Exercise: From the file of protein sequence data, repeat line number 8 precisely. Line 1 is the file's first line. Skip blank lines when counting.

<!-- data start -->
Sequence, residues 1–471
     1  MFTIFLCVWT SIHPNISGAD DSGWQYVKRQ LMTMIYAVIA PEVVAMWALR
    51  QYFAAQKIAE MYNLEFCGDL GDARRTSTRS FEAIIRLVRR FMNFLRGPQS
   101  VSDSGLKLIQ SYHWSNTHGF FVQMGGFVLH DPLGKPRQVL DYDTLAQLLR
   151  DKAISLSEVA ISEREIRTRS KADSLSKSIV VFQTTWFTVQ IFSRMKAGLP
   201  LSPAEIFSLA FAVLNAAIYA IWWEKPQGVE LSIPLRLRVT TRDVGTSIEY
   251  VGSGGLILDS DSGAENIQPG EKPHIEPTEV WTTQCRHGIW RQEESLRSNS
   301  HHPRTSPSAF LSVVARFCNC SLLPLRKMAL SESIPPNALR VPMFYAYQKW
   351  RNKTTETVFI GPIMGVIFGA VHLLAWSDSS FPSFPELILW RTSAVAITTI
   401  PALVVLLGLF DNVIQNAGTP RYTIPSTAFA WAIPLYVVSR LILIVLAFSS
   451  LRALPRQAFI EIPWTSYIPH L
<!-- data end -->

   301  HHPRTSPSAF LSVVARFCNC SLLPLRKMAL SESIPPNALR VPMFYAYQKW